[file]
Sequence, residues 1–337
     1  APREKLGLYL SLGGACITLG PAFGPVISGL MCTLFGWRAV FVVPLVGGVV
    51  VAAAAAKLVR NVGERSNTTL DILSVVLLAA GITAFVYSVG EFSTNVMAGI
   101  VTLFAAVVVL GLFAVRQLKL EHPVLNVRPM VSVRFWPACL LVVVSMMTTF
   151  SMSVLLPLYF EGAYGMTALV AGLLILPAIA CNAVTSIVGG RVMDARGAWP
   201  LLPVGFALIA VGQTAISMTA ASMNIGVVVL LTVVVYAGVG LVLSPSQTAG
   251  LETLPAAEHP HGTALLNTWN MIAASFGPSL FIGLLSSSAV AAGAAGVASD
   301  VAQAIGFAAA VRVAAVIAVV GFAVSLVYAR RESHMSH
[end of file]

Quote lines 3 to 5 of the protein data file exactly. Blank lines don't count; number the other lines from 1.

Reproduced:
    51  VAAAAAKLVR NVGERSNTTL DILSVVLLAA GITAFVYSVG EFSTNVMAGI
   101  VTLFAAVVVL GLFAVRQLKL EHPVLNVRPM VSVRFWPACL LVVVSMMTTF
   151  SMSVLLPLYF EGAYGMTALV AGLLILPAIA CNAVTSIVGG RVMDARGAWP